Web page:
Brookings city employees spent much of this past week learning how the new Emergency Operations Center will work in the event of a major disaster such as an earthquake, tsunami, wildfire or severe weather event.

The purpose of the center, City Manager Gary Milliman told council members in a work session, is to coordinate resources that might, in a worst-case scenario, not arrive for weeks. Those who will actually work in the facility will be emergency coordinators.

"Your ultimate responsibility will be to pay the bills," Milliman said, only half-facetiously.

He added, "You (city council) will be called into session in a different room, not at the EOC, which is operations. You're 'policy.'"

The city council will be in charge of budgets and changes, making contracts with other entities, declaring an emergency to the state, public relations and serving as liaison to other elected officials, he said.

Those in the center will manage the disaster itself, including getting things such as helicopters with food and medical supplies to the area, mapping areas and their status, getting basic services running and other immediate needs.

Milliman, in his role as manager in Fort Bragg, California, participated in major emergencies there, including a storm that knocked the power out for eight days and during which trees blocked roads; a multi-site arson incident over several days; and a civil disturbance involving environmentalists and loggers.

"In little Fort Bragg, a town the size of Brookings, 300 police officers came in from outside and set up camp at the high school," he said of that incident. "The California Department of Forestry set up a field kitchen. There were thousands of people. The California Highway Patrol sent 30 or 40 motorcyclists, in dress uniforms with the stripes down the side, and they parked their motorcycles in the middle of the road between the two crowds. We spent a few days separating the crowds and trying to avoid violence."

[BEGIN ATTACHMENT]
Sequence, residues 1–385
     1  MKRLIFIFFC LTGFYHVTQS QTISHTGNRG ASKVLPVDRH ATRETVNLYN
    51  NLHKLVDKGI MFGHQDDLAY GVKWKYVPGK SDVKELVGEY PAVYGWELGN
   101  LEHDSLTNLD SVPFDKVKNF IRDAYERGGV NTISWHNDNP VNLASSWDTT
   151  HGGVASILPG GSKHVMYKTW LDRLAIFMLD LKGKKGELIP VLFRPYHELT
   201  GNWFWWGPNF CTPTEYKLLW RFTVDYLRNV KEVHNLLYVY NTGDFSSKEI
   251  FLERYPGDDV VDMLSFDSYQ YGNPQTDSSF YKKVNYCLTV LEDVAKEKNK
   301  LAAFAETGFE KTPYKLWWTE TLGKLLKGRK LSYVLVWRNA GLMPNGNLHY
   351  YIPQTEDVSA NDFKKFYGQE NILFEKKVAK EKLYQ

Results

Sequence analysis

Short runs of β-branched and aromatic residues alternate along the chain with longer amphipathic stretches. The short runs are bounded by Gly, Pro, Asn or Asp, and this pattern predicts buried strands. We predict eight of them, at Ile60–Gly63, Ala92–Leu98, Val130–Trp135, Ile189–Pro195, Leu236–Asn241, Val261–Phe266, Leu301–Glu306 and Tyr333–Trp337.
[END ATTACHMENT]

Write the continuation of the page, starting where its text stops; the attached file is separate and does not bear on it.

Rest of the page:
He further noted that new earthquake and tsunami-prediction data unveiled last week "intrigued him," as well.

"People say, 'I'll just shoot a deer, and we'll be fine,'" he said of citizens' common idea of surviving a major catastrophe. "The deer will be all gone in a week. Then they say, 'I'll plant a garden,' - do you know how much garden you have to plant to eat beets all summer?"

New earthquake data using advanced radar technology shows details of Curry County's geography, it's serpentine soils and watersheds, all pointing to more detailed analysis of the severity of a major earthquake and its subsequent tsunami.

Earthquake information can be located on various websites, including the county's, at and the Oregon Department of Geologic and Mineral Industries site at, among others.